Last week, while walking the Erie Canal path, a friend and I came upon a beautiful pileated woodpecker.
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He was looking for food in the roots of a tree that had just been removed. I wondered if he had been evacuated from his home in that tree. He was stunning.
It’s always interesting to see what images, symbols, animals, etc..appear and what they may have to tell you about why they have paid you a visit. What are some of the characteristics and symbolism that pertain to this unique creature?
Their colors are black and white with red on the top of the head.  Some resources say that the red equates to stimulation of mental activities, or positing a new way of looking at things.
The pileated woodpecker pecks holes into trees and wood in order to get grubs and insects to eat.  When this bird appears, perhaps his act of digging pertains to digging into a book or topic for further analysis or to obtain knowledge to feed upon?
Other associations with the woodpecker are the knocking sounds he makes. Who or what is trying to gain your attention?  Is it Opportunity knocking?  Perhaps its time to answer this call.  This bird is equated with determination and the ability to gain one’s attention.  They are highly communicative. Do you relate to these characteristics?
In American Indian traditions, the pileated woodpecker symbolizes the heartbeat of mother earth, the life force.  It indicates the power of rhythm, the rhythm of life and staying connected to this natural rhythm.
This rhythmic aspect is the aspect that I connected with as rhythm affects our physical energy.  And, as a therapist, I am always looking at the rhythms of others’ coping patterns, learning patterns, and relationship patterns, etc.
When leading Dance/Movement Therapy groups, a good way to warm up the group is to establish group rhythmic action.  It provides a way for all members to connect to both internal and external rhythms.  And, group rhythmic action is a powerful way to provide support, a structure that allows members to begin exploring thoughts, feelings, and sensations.  Establishing a group rhythm helps to establish group rapport and promotes safety.  I recalled one group of psychiatric patients in a hospital setting that I led several years ago.  After initiating and having the group sustain this group rhythm for a few moments, I remember one gentlemen who was often quiet, say loudly, “Hey.  We are all in this together!”.  “Yes, others agreed!” and I supported the participants to express their thoughts as the group developed.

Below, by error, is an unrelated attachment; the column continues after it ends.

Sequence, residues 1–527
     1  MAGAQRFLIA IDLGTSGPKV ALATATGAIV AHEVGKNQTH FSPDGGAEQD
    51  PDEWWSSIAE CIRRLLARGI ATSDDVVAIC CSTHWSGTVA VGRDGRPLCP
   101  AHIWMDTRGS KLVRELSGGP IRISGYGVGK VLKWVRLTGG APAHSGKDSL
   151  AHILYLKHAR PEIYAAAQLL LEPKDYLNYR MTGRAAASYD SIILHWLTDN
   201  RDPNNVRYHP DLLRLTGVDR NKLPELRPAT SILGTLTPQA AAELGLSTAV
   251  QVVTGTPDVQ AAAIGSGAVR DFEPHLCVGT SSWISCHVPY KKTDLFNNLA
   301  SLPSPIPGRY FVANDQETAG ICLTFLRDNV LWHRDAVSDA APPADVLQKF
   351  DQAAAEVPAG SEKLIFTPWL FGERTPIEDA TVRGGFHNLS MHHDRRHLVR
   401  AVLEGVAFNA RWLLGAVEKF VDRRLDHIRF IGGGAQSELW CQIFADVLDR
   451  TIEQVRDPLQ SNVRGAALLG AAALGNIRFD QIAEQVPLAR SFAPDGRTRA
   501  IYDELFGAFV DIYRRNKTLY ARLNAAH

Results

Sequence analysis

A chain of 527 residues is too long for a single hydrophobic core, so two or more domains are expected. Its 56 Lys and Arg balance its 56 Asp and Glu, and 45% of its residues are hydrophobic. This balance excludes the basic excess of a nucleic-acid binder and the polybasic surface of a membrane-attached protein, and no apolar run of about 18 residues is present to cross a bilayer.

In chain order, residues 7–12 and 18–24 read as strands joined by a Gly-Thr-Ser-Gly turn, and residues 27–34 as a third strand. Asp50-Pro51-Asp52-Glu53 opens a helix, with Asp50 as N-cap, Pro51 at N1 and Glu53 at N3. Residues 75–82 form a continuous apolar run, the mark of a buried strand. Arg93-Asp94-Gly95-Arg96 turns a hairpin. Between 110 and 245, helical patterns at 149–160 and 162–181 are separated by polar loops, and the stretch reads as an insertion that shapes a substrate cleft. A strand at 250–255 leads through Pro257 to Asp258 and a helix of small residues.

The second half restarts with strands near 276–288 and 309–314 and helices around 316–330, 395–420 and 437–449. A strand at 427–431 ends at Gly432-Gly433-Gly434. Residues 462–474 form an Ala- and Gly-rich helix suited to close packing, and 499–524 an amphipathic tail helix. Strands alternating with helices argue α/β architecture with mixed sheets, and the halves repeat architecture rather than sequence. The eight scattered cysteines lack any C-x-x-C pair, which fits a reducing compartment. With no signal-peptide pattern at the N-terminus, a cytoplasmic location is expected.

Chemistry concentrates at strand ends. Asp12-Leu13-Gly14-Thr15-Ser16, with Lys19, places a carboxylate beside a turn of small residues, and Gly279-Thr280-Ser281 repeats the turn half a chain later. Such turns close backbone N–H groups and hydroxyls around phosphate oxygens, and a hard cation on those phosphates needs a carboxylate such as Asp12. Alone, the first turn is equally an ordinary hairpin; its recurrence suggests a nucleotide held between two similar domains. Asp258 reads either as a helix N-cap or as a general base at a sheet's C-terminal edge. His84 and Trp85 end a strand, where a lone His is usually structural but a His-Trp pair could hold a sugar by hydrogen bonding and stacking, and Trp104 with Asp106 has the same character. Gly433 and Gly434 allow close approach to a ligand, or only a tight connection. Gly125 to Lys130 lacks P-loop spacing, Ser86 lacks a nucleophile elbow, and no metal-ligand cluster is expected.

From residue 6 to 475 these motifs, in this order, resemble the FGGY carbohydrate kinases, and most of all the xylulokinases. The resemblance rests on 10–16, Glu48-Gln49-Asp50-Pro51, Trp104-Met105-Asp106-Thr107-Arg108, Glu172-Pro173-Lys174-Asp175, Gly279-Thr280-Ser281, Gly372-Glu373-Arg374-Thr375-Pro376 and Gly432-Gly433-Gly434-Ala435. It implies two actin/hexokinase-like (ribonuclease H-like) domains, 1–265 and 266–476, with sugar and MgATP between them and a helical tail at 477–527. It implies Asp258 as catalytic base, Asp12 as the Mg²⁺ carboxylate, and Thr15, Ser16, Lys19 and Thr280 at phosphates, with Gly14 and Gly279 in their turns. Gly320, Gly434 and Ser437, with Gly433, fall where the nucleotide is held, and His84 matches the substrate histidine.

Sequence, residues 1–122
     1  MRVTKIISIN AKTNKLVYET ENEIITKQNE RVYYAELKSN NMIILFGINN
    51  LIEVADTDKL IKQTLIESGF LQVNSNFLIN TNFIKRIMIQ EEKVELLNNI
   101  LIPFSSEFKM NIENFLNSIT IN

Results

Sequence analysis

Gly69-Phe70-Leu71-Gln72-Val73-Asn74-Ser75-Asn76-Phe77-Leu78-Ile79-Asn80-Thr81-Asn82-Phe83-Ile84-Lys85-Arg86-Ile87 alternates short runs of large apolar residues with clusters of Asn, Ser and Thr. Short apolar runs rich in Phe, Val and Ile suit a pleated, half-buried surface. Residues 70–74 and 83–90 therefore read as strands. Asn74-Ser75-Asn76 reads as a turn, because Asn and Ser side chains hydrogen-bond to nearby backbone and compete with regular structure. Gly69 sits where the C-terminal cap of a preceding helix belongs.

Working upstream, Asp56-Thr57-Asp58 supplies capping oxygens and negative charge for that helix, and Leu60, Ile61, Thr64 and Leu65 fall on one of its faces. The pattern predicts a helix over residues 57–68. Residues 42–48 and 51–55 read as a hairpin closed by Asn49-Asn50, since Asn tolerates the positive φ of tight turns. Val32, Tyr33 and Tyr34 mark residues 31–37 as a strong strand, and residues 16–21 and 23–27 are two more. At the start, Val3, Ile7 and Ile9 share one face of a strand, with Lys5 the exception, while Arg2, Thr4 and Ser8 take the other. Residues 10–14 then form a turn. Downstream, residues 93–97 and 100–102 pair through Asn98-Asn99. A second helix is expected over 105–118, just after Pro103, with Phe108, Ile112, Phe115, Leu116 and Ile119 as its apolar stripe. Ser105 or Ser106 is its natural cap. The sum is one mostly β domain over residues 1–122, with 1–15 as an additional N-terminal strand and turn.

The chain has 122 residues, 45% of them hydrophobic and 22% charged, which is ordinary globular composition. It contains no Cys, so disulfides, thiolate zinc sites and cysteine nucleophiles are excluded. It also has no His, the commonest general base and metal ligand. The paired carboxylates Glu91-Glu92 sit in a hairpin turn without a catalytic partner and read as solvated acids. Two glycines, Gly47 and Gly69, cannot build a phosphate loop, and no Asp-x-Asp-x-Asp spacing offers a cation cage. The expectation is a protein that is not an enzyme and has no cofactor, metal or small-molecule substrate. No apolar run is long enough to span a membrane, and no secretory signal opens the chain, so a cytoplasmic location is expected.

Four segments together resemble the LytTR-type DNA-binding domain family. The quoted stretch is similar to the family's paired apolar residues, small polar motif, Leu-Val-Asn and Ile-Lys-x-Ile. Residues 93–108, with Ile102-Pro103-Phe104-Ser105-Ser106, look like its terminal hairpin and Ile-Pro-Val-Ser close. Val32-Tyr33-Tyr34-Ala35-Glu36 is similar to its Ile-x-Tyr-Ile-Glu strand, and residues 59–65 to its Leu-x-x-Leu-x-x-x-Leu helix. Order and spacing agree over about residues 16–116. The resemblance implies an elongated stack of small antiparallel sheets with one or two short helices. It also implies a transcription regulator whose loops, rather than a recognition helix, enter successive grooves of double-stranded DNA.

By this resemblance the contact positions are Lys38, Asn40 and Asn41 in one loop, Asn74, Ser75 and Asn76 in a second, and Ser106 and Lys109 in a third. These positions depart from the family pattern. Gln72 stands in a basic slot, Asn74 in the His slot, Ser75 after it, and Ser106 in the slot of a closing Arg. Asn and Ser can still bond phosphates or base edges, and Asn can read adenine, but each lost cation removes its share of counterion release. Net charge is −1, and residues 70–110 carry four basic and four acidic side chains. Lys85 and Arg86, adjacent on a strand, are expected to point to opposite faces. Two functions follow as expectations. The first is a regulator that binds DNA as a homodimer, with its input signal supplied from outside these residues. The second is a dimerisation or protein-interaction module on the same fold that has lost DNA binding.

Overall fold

There are often magical moments that arise during dance therapy groups once members feel engaged and supported.  Another group came to mind as I was driving home from my walk. A few years ago, I was told to lead a group of patients who were struggling with eating disorders and family members who arrived for weekly family night.  It was my first week working as a therapist in this partial hospital setting.  I was understandably a bit nervous as I had not met any of the participants before.  I remembered that we were “All in this together”, and used this notion as fuel for establishing group rapport that night with all members of the group.
My co-workers were unfamiliar with dance therapy and seemed curious about what would occur.  I welcomed them to join, but there were no takers.  (One of the many things I’ve learned over time is that even staff members can be reticent at times to engage in full body action during their workdays.  Most spend many hours engaging clients in verbal interactions from a seated position, forgetting about how powerful use of the body in therapeutic interactions can be).
That evening contained some of those magical moments where you as the facilitator ride the continuum of structure versus freedom, allowing for members to begin to trade leadership roles.  Even the most initially “resistant” member of the group became fully engaged.  My “observing ego” marveled at how participants were smiling and laughing with one another as we continued to dance together.
I played a Neil Diamond song, Sweet Caroline, as it is impossible not to sing along with this one, and the group spontaneously connected wrapping their arms around each others’ waists beginning to form a kick line to the song!  I helped to concretize this iteration of movement to the rhythm of the song. Simply, it was a hoot and such an organic way for each one to feel connected and get to know one another more deeply than they would have with any other modality.
I began to cool the group down, concretizing the themes, eliciting feedback, slowly down the movement and grounding members before coming to a close.
I opened the door of the group room to let in some air and the three co-workers who had been listening at the door, almost toppled over when I did so.  They did end up coming in and joining us at the end as we all began to socialize with one another before the family night ended.  Establishing group rhythmic action allowed a structure to begin forming rapport with the clients, their family members, and the staff!
Marian Chace, was one of the pioneers of Dance/Movement Therapy. Chacian DMT supports a structure that helps foster a safe environment. Chacian theory is comprised of four core concepts:  body action, symbolism, therapeutic movement relationship and rhythmic group activity.  Chace (1993) continued to say “our real lives are lived in rhythm and movement”.
The above post is just one example of how being curious and playful in your life, noticing, observing, and being non-judgmental (i.e., mindful) can help bring you increased enthusiasm and excitement.  When you allow yourself to “play with ideas” from the symbols, metaphors, dreams, and animals that present themselves, you are most certainly rewarded with feelings of inspiration and creating a sense of health and well-being.